L. A. Prat, Le Dessin français au XVIII siècle, Paris 2017, p. 441, fig. 808.
Charles Monnet chose an unusual subject, or rather a subject not especially favoured by his contemporaries, for this work: the procession held to mark Lent in 1758. Thus we are looking at an actual event, yet an event in which the artist skilfully combines his narrative composition with portraiture. The portrait is that of Cardinal Antonio Andrea Galli, depicted
as he processes on his black horse towards the Quirinale Palace. The podium bears a 16th century inscription (dating back to the time of Pope Sixtus V, yet reiterating its now lost but abundantly quoted Classical predecessor) identifying the colossal statue as OPUS PHIDIAE, a Roman copy of a bronze group depicting the Dioscuri, Castor and Pollux. Interpreted as the sons of Zeus, they enjoyed particular prestige in Rome because they had always come to the Romans's aid in battle.
Pope Benedict XIV raised Antonio Galli to the rank of cardinal on 26 November 1753, appointing him titular cardinal of Sant'Alessio, although this was changed to San Pietro in Vincoli, a basilica closer to his heart, in 1757. In the years prior to his nomination, Galli had made a name for himself with his positions on issues of both a theological and a practical nature. He was appointed advisor to the Sacred Congregation of the Index in 1736, while in 1740 he became a member of the Liturgical Academy and of the Congregation for the Reform of the Breviary, a project on which he was to work for the whole of his life.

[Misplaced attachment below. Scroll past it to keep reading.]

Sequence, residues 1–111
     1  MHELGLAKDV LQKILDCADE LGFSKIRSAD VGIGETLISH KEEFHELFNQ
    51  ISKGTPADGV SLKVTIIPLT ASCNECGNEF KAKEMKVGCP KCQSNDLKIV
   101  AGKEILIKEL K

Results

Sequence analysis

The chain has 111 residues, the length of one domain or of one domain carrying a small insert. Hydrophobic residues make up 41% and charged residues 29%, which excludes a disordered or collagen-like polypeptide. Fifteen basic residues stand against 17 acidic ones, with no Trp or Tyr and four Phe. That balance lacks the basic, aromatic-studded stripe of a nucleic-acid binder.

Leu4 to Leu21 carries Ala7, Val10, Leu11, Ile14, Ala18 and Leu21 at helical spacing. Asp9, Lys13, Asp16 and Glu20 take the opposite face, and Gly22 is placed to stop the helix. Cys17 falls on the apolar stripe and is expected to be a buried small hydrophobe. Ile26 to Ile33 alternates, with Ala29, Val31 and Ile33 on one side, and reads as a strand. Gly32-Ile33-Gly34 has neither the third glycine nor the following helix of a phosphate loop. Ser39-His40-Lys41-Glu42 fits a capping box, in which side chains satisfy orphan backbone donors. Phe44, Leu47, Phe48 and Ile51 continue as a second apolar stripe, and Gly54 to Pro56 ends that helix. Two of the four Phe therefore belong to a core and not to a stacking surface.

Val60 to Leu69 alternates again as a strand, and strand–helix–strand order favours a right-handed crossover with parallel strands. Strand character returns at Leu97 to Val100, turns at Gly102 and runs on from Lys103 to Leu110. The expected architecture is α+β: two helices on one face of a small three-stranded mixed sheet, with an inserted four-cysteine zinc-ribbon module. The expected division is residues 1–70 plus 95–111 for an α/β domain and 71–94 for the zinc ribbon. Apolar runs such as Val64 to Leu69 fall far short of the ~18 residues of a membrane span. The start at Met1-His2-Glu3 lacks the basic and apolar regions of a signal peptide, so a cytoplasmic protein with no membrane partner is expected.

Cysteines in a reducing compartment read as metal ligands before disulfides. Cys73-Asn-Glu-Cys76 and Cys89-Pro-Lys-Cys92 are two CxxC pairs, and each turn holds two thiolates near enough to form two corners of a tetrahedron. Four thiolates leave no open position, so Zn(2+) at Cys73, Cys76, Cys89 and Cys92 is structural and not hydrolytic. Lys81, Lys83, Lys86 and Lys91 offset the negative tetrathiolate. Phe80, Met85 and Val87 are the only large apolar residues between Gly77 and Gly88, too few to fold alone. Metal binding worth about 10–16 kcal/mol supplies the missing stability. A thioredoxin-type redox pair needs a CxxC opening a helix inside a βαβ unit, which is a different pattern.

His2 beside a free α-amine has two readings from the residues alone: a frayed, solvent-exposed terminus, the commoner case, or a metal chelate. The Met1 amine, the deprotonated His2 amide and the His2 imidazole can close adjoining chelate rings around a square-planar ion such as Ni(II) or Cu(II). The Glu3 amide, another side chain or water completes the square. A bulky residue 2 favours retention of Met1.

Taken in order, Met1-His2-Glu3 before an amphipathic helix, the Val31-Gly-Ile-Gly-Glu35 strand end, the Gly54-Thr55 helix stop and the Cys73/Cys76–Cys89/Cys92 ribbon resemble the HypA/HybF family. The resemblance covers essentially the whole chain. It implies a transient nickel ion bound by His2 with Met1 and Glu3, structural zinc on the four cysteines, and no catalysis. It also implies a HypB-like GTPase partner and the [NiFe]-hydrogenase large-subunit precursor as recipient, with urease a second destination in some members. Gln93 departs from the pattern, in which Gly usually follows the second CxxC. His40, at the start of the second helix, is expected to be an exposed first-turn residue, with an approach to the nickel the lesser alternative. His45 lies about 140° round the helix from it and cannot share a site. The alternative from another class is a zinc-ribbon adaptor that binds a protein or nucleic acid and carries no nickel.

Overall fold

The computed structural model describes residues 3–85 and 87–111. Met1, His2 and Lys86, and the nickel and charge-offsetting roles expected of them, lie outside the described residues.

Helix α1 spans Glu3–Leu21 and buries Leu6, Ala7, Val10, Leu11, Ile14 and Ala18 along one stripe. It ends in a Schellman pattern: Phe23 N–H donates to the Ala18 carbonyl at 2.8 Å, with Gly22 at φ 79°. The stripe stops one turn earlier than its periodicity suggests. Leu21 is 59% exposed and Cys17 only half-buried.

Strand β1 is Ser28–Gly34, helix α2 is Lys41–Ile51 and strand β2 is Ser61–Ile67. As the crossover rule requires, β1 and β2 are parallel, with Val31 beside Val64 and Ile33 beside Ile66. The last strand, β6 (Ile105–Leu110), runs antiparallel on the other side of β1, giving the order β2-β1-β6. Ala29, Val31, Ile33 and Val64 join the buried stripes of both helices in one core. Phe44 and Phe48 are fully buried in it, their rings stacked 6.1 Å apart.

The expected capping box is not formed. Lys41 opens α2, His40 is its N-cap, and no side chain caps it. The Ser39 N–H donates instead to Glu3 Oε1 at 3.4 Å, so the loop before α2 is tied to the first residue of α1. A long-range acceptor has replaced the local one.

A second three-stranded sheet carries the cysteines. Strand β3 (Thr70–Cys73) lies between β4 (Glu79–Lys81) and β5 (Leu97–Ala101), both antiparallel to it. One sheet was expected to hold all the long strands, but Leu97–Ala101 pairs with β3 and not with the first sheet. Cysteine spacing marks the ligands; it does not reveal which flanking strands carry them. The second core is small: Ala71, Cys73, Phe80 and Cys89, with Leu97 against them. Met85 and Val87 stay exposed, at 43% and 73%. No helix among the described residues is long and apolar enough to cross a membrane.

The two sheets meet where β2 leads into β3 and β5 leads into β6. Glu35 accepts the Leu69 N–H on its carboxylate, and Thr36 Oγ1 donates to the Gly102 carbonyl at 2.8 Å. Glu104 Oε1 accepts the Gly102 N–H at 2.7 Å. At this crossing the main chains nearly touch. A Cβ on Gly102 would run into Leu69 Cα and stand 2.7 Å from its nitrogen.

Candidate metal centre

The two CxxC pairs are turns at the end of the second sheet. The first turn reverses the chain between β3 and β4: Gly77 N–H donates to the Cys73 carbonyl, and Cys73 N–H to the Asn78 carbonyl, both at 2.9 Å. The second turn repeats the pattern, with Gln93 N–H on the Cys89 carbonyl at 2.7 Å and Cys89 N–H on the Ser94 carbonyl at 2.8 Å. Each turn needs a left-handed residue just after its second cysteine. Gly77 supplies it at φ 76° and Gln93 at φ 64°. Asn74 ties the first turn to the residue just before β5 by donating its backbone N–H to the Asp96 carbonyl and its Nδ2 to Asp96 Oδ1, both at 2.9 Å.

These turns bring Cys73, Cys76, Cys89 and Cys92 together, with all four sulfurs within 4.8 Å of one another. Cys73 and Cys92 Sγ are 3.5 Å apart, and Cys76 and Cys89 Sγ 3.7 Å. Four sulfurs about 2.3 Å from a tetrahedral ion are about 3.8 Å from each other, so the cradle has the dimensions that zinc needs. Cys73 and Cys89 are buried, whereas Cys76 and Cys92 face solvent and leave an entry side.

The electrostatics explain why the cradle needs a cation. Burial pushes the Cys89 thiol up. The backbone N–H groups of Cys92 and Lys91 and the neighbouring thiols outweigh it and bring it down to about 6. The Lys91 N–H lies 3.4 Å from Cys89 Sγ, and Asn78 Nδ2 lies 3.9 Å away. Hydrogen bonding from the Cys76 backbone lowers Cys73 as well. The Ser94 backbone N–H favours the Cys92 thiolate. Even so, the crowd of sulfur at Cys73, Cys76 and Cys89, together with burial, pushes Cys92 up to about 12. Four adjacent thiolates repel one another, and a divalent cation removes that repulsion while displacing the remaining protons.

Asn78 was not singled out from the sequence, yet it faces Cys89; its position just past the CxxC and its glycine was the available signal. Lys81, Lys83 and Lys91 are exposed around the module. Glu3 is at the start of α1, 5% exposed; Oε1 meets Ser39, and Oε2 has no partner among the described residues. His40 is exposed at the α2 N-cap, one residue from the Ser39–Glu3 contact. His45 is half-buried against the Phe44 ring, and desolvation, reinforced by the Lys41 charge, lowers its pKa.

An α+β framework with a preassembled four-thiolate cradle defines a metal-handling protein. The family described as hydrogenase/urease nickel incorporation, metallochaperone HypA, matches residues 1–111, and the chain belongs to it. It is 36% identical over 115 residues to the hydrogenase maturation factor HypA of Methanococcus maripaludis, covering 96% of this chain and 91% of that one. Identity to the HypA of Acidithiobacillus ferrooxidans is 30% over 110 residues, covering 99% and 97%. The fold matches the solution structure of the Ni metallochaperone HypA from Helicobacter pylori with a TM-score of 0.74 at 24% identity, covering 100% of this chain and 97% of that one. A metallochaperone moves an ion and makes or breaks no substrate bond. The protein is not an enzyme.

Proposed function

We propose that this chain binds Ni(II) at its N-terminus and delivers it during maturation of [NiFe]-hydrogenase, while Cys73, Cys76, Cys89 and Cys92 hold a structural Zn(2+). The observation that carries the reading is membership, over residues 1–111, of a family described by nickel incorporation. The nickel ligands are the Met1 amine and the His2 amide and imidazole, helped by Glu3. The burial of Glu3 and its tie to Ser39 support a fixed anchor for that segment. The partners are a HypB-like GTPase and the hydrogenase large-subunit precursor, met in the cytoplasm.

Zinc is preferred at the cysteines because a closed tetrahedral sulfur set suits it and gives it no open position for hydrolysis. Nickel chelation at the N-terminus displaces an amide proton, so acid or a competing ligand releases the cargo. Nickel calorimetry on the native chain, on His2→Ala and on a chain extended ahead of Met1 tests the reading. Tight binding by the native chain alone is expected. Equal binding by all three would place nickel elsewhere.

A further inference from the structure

The pope subsequently called on his newly appointed cardinal to concern himself with a far broader range of issues. In December 1753 he made him a member of the Congregation of the Holy Office (or Congregation for the Doctrine of the Faith), of the Sacred Congregation of the Index (whose prefect he was also to become), of the Rituals and of the Examination of Bishops, while the following year he appointed him to the Sacred Congregation of Indulgences and Holy Relics. Galli joined the Apostolic Penitentiary, the oldest ministry and the first of the Roman Curia's tribunals, in June 1755. The post of Major Penitentiary (which Galli was to hold until his death) gave a cardinal the power to impose sanctions and to grant dispensations, absolution and commutations to the clergy.